It’s interesting to note that we blame so many factors in tragedies like these. Putin of Russia told the Kremlin Advisory Council that if they only raised their youth to have good artistic taste, with the ability to understand and value theatrical, dramatic and musical arts, this tragedy would not happen. Some blame the proliferation of violent Hollywood movies and games. Still others blame guns, school pressure, bullying, etc. as the culprit.

 

Although the above could be contributing factors, I wish to put forward the thesis of Drs. Kindlon and Thomson, the authors of book Raising Cain: Even if each troubled boy (or man) has a different story to tell, all their stories share a common denominator – Emotional Ignorance and Isolation. 

 

This is so true. Somehow we have raised our boys to disregard the development of their emotional side. Most of us believe that girls are just genetically more emotional than boys, right? But here’s the thing. Don’t we always hear mothers who have both sons and daughters say that their baby boys are fussier than their baby girls? Remember that crying is an infant’s way of expressing emotions. So are boys more expressive at the start and then something happens along the way that girls overtake them in emotional expression? Think about it.

 

Chances are there is no significant difference in the range of emotions between the genders. However, we do notice that as they grow up, girls are more in tune with their feelings. Is it because society expects boys to keep their emotions to themselves; otherwise, they might be perceived as not being manly? Have we trained our boys to hide their feelings in silence? Or even deny their fears in order to appear masculine?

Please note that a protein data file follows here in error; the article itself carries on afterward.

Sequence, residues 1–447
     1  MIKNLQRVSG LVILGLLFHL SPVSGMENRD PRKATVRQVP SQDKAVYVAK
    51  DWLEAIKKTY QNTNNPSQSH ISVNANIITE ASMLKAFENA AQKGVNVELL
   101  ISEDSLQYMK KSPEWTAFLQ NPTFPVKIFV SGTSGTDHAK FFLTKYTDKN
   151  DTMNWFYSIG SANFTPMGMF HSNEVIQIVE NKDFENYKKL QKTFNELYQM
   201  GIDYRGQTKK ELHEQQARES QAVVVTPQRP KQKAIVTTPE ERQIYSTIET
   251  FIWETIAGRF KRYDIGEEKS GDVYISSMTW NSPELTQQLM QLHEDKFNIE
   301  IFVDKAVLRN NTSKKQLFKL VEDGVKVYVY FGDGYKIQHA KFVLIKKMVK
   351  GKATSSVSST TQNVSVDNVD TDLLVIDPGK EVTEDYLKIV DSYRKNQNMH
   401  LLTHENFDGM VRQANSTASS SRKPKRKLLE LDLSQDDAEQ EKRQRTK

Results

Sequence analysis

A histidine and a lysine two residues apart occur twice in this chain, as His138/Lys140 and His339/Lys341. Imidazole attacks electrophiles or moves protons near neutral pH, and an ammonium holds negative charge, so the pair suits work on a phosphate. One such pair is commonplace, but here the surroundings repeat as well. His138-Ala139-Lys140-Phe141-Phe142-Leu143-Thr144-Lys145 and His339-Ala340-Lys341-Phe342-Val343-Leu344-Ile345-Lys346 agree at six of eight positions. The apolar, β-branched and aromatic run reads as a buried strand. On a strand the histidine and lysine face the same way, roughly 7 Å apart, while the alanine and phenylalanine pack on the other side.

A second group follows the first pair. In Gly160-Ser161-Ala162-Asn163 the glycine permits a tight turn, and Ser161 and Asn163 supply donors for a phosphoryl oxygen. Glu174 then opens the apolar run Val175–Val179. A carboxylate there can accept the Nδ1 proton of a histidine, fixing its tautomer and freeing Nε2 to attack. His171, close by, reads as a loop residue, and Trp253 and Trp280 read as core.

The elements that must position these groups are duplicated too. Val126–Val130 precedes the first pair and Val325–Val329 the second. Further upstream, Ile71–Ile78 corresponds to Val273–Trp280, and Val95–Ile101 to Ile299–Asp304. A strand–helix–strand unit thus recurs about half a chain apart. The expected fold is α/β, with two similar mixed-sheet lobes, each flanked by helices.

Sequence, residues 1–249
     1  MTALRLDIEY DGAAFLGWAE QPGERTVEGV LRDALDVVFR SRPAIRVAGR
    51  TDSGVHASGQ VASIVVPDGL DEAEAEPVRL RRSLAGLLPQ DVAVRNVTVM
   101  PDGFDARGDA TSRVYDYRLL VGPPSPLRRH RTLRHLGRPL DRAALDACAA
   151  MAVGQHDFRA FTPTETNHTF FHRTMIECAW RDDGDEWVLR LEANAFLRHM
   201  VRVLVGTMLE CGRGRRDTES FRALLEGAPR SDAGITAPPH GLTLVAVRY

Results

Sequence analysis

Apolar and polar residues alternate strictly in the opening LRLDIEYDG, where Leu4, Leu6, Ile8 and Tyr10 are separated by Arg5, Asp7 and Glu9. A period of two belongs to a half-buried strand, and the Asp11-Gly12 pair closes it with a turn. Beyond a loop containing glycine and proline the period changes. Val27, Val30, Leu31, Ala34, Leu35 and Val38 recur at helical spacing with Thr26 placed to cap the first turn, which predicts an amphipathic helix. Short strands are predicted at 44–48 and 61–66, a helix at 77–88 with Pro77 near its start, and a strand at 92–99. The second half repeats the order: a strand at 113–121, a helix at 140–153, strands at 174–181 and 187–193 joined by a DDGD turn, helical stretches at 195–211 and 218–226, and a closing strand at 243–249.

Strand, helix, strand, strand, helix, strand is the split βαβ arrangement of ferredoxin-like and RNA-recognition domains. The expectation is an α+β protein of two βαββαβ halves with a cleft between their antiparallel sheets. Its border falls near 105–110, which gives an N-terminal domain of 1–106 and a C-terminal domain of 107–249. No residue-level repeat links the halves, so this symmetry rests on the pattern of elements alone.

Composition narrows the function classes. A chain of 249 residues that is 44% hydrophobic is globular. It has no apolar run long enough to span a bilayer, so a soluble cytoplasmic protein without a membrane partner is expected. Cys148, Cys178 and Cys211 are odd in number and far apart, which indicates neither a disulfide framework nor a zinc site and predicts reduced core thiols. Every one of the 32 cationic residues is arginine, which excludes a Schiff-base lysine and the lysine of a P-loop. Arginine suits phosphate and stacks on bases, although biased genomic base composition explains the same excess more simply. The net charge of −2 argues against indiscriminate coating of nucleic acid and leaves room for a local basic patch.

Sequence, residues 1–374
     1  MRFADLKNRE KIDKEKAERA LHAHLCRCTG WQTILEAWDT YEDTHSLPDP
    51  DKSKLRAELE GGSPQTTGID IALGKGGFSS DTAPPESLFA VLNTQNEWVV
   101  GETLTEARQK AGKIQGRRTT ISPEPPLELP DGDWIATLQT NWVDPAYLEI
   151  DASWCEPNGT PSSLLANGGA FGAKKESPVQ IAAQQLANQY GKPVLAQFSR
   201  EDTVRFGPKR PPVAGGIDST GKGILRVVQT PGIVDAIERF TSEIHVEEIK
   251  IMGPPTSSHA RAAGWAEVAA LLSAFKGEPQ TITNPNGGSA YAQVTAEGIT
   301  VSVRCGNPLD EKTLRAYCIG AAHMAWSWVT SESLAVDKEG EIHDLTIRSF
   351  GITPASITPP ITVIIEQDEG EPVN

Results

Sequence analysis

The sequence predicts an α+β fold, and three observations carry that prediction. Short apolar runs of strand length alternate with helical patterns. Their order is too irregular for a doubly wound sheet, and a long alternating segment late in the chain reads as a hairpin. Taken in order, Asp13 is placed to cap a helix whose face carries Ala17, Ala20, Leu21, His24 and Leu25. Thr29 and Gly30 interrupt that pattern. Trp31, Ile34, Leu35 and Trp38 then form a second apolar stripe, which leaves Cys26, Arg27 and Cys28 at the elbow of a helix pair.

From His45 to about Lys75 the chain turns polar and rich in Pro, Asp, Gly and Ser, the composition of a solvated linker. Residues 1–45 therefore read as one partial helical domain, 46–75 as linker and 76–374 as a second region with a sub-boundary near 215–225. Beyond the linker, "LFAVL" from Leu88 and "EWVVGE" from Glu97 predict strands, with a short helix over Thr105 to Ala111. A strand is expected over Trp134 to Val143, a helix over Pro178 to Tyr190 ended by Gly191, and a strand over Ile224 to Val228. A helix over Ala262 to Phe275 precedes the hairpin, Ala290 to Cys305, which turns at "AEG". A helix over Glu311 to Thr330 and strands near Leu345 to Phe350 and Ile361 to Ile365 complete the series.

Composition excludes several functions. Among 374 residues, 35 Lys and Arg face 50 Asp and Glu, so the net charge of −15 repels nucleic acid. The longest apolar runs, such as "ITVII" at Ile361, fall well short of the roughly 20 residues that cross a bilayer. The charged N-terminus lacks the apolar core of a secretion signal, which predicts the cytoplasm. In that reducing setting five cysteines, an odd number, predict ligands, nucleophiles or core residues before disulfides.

Unfortunately, the answer to the above questions is yes most of the time, and in doing so we end up with troubled boys. If left unchecked, this may end up in aggression, violent outbursts, hopelessness, depression, alcoholism, substance abuse, and even suicide. It is imperative that we raise our boys to have high EQ; otherwise, they might end up as part of the problematic statistics stated above.

 

Emotional Intelligence is the ability to read and understand one’s emotions and those of others. In my book Raising Pinoy Boys I devoted a chapter entitled Boys are “Emo” too (The Emotional Life of our Boys) to discuss this crucial aspect of parenting. Here are some of the things we can do to raise our children to have high EQ as discussed in the book and other parenting literature:

 

1. Teach them how to express both positive and negative emotions. Help them label their feelings. There is no right and wrong feeling. A feeling is just a feeling, but it is up to us what feelings we allow to linger in our hearts and what actions to take.

 

2. Listen to your sons with empathy and validate their feelings. Make it a habit to listen to the stories of your kids. However, there really comes a point in a boy’s life when he stops being talkative and eager to narrate the day’s stories to his parents. When you ask him how his day was, the answer is just “fine.” Here’s where we should learn how to ask the right questions that will elicit narration of events. When something is such a big deal to him, do not belittle his “emo-ness.” Validate his feelings first before you say your opinion.

 

3. Use conflicts to teach problem solving. I know it’s so tempting to yell at your young kids to stop it, when the quarreling gets too frequent and annoying but we should try our best to just be the referee and not the problem solver of their conflicts.